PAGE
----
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Michael Sandel on Justice #3

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Having set out the elements of John Rawls’s liberal egalitarianism, Michael Sandel then presents a set of real-life cases involving affirmative action. The intention seems to be to test the Rawlsian approach.

(Not so) affirmative action?

(Not so) affirmative action?

This is the third part of a series on Michael J Sandel’s Justice: What’s the Right Thing to Do? which started with Michael Sandel on Justice #1.

I said at the beginning of the series that as I read more and more into Sandel’s book I had an uneasy feeling that I was missing something. I couldn’t put my finger on where exactly I went from agreement to something closer to disagreement. On second reading I think it might be in Chapter 7, entitled Arguing Affirmative Action.

It’s not that I either agree or disagree with affirmative action. But there seems to be a bit of shaky logic somewhere in the chapter.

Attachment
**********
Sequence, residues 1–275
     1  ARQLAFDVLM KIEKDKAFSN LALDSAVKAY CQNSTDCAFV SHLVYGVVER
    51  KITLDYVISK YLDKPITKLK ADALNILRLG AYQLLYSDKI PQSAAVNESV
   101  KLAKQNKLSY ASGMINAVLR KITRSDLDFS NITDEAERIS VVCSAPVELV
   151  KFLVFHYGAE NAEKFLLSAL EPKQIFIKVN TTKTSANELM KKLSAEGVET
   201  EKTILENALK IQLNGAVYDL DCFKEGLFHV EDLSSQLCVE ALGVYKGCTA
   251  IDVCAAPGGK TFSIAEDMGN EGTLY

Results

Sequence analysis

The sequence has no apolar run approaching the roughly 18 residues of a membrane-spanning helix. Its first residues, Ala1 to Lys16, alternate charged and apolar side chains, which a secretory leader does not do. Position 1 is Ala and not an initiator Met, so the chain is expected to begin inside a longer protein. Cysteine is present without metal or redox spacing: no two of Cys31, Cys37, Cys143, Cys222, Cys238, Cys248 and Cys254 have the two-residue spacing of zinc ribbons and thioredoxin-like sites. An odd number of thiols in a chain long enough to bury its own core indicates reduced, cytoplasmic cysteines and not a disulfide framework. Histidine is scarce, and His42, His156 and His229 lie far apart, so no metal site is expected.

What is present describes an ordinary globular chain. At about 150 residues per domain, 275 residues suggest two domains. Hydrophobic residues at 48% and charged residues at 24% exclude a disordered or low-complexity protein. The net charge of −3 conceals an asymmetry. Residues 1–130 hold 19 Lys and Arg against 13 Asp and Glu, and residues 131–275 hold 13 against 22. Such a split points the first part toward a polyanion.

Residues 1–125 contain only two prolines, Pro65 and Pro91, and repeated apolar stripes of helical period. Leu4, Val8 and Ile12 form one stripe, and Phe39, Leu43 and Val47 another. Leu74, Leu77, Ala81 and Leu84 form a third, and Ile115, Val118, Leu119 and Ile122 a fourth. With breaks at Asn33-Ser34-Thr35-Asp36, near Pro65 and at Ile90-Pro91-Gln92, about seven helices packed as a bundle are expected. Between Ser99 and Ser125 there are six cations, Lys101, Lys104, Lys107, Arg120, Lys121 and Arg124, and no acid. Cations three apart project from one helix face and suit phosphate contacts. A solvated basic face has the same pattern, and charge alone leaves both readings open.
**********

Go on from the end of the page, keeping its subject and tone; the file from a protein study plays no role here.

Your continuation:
In 1992 Cheryl Hopwood applied to the University of Texas Law School and was rejected, despite being better qualified than many successful African American and Mexican American applicants. The Law School had an affirmative action policy which aimed at enrolling about 15% of the class from ethnic minorities. Hopwood filed a federal lawsuit against the university, arguing she was a victim of discrimination.

University of Texas Law School

University of Texas Law School

The university replied that part of its law school’s mission was to increase the representation of ethnic minorities in the legal profession and the legislature. African Americans and Mexican Americans made up 40% of the population of Texas, but were significantly under-represented in the legal profession:

Law in a civil society depends overwhelmingly on the willingness of society to accept its judgement. … It becomes harder to achieve that if we don’t see members of all groups playing roles in the administration of justice. [Michael Sharlot, Dean of the Law School, quoted in Sam Walker, ‘Texas Hunts for Ways to Foster Diversity’, Christian Science Monitor, June 12, 1997.]

Sandel presents three arguments employed by advocates of affirmative action in education:

Correcting for possible bias in standardised tests. This does not challenge the idea that admission should be based on academic promise however, it only applies different ways to measure that promise.